Now that Microsoft's acquisition of Activision Blizzard is on the line before the United States Federal Trade Commission (FTC) details that have remained secret for months are coming to light, revealing the positions and arguments of the companies involved. It seems that we are currently in a back-and-forth game, as the controversy keeps going back and forth, and this time it's Jim Ryan's turn again.
Jim Ryan warns that he won't provide information about PS6 to Activision if Microsoft acquires them
Axios journalist Stephen Totilo shared information from an FTC document that compiles a series of statements made by Jim Ryan, President of PlayStation, to the US regulator. In this case, it is a confidential document dated April 6, 2023, in which Jim Ryan states that Sony Interactive Entertainment will not provide privileged information about their upcoming console to Activision Blizzard if Microsoft's acquisition is finalized.
In an FTC v MS/ABK deposition, PlayStation chief Jim Ryan said that, if deal closes, Sony couldn't tell Activision about its next console— Stephen Totilo (@stephentotilo) June 21, 2023
Is then asked about Sony working with Mojang (Minecraft) after MS bought them. Discussion is redacted but Ryan says it supports this concern pic.twitter.com/M86CBm3CcY
According to Jim Ryan, Sony cannot share privileged information with a company controlled by Microsoft, as it would negatively affect the development process and gaming experience of titles that Activision Blizzard has planned for the successor to the PS5, such as Call of Duty. Based on this idea, the executive states that it would lead to a chain of events resulting in lower quality games from Activision for PlayStation console users.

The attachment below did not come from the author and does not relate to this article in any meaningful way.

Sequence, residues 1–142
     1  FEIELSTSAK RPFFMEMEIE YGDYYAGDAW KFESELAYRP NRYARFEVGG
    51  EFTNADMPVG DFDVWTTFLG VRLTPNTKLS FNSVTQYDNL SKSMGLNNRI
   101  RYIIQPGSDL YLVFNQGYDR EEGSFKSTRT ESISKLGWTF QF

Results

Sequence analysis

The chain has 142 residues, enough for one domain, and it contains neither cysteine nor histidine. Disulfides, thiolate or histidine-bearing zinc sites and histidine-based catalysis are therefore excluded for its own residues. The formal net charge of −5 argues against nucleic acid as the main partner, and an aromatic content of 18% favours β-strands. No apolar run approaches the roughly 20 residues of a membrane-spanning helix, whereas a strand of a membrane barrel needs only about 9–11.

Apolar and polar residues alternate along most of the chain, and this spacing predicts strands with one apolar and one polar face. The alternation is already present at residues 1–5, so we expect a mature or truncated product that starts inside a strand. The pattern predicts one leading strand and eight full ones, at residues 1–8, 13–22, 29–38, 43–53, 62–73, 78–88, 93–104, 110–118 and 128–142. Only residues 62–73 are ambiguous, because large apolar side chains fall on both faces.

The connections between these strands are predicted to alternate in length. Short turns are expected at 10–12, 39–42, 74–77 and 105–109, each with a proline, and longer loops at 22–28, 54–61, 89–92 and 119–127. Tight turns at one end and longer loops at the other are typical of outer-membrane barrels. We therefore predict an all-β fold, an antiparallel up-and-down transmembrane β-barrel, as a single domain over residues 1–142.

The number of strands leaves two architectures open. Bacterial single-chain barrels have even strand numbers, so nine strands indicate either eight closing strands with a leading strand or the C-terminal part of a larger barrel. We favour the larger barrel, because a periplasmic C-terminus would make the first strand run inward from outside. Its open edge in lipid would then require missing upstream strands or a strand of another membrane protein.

It's worth mentioning that prior to Microsoft's acquisition announcement, PlayStation and Activision had an excellent business relationship, as Sony provided preferential treatment to the North American company due to the enormous profits generated by Call of Duty. During the regulatory review process, it came to light that PlayStation had a preferential agreement with Activision regarding revenue sharing, which under normal conditions with other publishers is 70/30. That's why PlayStation considered Activision as a strategic partner and provided privileged information to benefit the development processes. According to Jim Ryan, this will be lost once the Microsoft acquisition is approved.
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